In Peru, one study considered a multi-stakeholder forum — roundtable — designed to address lengthy delays in the creation of five reserves contributing to the “Protection of Indigenous Peoples in Isolation and Initial Contact.” Research revealed a key lesson for multi-stakeholder forums seeking to responsibly engage with the rights of vulnerable populations, recognizing that rights are not negotiable. It also demonstrated that forums must be designed so that participants collaborate to identify challenges to rights from different levels, stakeholders and discourses, learn from those challenges, and design solutions and recommendations to address them.

Another paper explored Peru’s Amarakaeri Communal Reserve, a protected natural area in the Amazon that includes a hard won multi-stakeholder forum in its governance structure, representing important rights gains for Indigenous peoples. Yet the forum, currently made up of Indigenous communities, the state, and NGO allies, excludes Andean migrants. Not only does it raise concerns about the role of multi-stakeholder forums in relation to protected areas, but it pinpoints the challenges around access to participation.

In the eastern Brazilian Amazon state of Pará, the Green Municipalities Program multi-stakeholder forum – designed to combat deforestation – was found to fall short of its objectives. Researchers learned that the forum favored more powerful participants, which meant that social injustices driving deforestation were overlooked. Instead of prioritizing the drivers of deforestation, participants focused on the effects, which left the socio-political institutions driving both deforestation and social injustice unchallenged.

Research into territorial planning in the Brazilian states of Acre and Mato Grosso examined ecological zoning processes showing how networks, relationships, and historical and social contexts can affect multi-stakeholder forums. It demonstrated that both multi-stakeholder forums and land-use planning must be recognized in theory and in practice as political processes that have to negotiate context, power relations, and community diversity, rather than as technical tools for implementation.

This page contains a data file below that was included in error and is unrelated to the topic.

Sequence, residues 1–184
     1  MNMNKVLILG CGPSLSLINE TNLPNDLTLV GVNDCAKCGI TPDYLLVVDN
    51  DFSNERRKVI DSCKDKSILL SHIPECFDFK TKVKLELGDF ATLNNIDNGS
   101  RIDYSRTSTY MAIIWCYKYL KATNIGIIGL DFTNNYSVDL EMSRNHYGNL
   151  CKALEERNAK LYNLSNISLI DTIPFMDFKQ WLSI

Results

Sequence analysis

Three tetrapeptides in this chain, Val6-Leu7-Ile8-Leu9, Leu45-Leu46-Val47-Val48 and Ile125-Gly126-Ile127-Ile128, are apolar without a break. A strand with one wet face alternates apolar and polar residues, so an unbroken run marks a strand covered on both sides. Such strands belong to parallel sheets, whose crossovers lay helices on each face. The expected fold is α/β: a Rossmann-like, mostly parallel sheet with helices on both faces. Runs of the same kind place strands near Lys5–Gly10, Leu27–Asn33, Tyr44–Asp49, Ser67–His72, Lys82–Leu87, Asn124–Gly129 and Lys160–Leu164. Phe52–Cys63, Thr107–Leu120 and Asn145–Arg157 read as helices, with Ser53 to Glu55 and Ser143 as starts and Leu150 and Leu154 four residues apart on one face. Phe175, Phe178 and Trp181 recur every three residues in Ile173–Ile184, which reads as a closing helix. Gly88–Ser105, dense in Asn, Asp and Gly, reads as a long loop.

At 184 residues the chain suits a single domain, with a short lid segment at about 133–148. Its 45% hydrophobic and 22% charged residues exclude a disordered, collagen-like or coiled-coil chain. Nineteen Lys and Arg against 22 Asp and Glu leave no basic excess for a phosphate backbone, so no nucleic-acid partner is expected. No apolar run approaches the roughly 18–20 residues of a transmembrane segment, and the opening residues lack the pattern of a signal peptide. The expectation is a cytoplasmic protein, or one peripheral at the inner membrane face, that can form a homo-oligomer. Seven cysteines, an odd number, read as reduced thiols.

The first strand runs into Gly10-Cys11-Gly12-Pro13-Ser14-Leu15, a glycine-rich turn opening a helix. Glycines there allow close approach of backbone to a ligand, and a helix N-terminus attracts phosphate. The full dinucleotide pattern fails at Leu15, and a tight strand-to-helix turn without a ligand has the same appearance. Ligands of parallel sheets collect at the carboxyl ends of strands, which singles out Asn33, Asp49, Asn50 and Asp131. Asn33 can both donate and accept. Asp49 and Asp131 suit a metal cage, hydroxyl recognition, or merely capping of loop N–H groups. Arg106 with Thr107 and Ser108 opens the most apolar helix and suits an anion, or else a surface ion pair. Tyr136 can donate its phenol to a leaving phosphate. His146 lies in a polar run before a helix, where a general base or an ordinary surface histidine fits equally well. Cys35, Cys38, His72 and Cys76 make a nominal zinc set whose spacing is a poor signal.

“We are aware that multi-stakeholder forums are here to stay and will continue to be promoted at different levels,” said Juan Pablo Sarmiento Barletti, who co-coordinated the global study. “This collection of articles is proof that to get closer to transformational change, we need forums that do more than simply bring people to the table.”

Responding to this challenge, the seven articles provide important lessons for more equitable and effective forums. To support these lessons, the research team and local partners developed a toolkit to support multi-stakeholder landscape management.

The research supported by this work was undertaken as part of the CGIAR Research Programs on Policies, Institutions, and Markets (PIM) led by the International Food Policy Research Institute (IFPRI), and Forests, Trees and Agroforestry (FTA) led by CIFOR. Both are supported by the CGIAR Fund Donors. It was carried out as part of a comparative study of subnational MSFs in Brazil, Ethiopia, Indonesia and Peru, part of CIFOR’s Global Comparative Study on REDD+.

For more information on this topic, please contact Anne Larson at or Juan Pablo Sarmiento Barletti at